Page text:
Meanwhile, they're talking about revisiting channel line-ups. I tend to think we'll see some channels here and there shed from DTVN next year -- possibly even a total shake-up of their packages, with the most expensive tier disappearing -- once their new premium streaming service debuts. Makes sense to me to have DTVN positioned as their budget offering -- fewer channels, fewer features, BYO box -- with the upcoming premium service being essentially their flagship OTT option that customers can comfortably move into from DTV satellite and Uverse TV.

    I don't think of these vMVPDs as "cord cutting," they're just a less expensive way to get cable TV, albeit with certain compromises. I think you're right that not all of them will survive (another one, Vidgo, is launching imminently) but there will continue to be enough of them with different channel packages and feature sets at different price points that they will continue to grow, stealing customers away from more expensive traditional "full service" cable and satellite TV. Eventually the lines are going to blur between what constitutes an MVPD and a vMVPD -- the upcoming "premium" OTT DirecTV service being a prime example -- with everyone trying to cater to a range of budgets.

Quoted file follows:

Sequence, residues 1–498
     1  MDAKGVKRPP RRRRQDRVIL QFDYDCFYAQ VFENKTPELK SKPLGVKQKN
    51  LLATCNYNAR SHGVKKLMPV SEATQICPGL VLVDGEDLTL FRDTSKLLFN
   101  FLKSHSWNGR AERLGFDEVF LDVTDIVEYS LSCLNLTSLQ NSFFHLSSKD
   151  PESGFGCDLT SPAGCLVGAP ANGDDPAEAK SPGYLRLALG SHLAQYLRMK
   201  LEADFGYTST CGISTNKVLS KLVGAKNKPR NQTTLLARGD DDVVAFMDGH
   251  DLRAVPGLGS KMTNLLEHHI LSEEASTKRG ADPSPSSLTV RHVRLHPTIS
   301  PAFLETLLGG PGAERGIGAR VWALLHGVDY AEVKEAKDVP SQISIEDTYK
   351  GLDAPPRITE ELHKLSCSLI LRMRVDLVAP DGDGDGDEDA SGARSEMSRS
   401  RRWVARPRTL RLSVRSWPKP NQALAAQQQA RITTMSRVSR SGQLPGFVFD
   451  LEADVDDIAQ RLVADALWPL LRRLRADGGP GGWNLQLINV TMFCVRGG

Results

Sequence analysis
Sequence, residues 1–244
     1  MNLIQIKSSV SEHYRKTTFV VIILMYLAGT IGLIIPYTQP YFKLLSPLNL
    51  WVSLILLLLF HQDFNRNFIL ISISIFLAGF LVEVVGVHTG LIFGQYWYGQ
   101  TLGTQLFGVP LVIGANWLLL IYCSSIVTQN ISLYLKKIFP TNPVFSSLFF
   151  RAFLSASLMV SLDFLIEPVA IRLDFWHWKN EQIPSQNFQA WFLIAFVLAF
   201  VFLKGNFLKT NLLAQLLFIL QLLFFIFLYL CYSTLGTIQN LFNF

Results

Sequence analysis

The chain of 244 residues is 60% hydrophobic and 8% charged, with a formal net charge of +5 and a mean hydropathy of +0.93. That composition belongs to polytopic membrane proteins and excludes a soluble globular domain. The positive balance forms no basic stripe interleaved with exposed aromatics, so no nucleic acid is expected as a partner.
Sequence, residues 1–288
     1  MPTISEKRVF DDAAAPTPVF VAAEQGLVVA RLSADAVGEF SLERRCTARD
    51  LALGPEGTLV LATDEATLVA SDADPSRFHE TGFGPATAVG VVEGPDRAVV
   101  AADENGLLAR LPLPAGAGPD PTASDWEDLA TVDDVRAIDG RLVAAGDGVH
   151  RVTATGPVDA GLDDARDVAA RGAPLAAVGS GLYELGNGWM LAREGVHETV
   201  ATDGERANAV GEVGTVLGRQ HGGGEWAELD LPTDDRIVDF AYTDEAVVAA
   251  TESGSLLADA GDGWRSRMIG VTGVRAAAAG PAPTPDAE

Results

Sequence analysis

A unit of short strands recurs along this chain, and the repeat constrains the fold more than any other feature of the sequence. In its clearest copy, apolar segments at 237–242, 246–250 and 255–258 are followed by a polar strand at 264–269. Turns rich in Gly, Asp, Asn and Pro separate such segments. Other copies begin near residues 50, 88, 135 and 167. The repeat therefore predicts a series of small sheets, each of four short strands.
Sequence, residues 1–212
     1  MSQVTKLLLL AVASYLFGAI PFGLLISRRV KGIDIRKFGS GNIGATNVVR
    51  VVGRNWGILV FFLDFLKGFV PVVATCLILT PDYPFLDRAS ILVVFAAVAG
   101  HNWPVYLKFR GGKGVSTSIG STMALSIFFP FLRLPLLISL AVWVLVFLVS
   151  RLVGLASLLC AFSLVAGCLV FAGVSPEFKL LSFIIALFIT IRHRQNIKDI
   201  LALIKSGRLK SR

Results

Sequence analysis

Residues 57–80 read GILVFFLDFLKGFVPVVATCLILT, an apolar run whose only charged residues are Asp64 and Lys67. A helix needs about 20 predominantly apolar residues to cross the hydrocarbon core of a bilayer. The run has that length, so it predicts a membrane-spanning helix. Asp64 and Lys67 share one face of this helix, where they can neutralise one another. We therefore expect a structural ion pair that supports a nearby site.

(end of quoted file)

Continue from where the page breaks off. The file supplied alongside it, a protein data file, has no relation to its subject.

Meanwhile, as a substantial chunk of cable subscribers transition to skinnier bundles, we'll see more linear cable channels die off in the coming years. Cable network groups like Viacom are already hedging their bets as they not only operate their linear channels like MTV and Paramount Network but also seek to become content providers to OTT platforms like Netflix and Facebook Watch.
     
  20. slice1900

    slice1900 Well-Known Member

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    If you think streaming is going to be free of ads for much longer then you're in for a rude awakening. It is easy to prevent people from skipping ads when streaming, but DVRs guarantee that you never need to see an ad while watching cable/satellite.

    So it is easy to see why the networks want to be leaving streaming mostly free of ads for now until they can get people switched. Then they've got captive eyeballs who will be left without any way to avoid watching the ads.

    When I watch news I'll typically just pause it, then watch a half hour program I've recorded, then watch the news (or you could record it, but I don't record news since I don't know when/what I will want to watch - and it goes stale QUICK) Using Tivo's quickplay (sped up 30%) and skipping ads, a half hour of news takes 10-15 minutes to watch. If I watch it on 1xFF with captions enabled, I can get through it 4-5 minutes. Try that with streaming...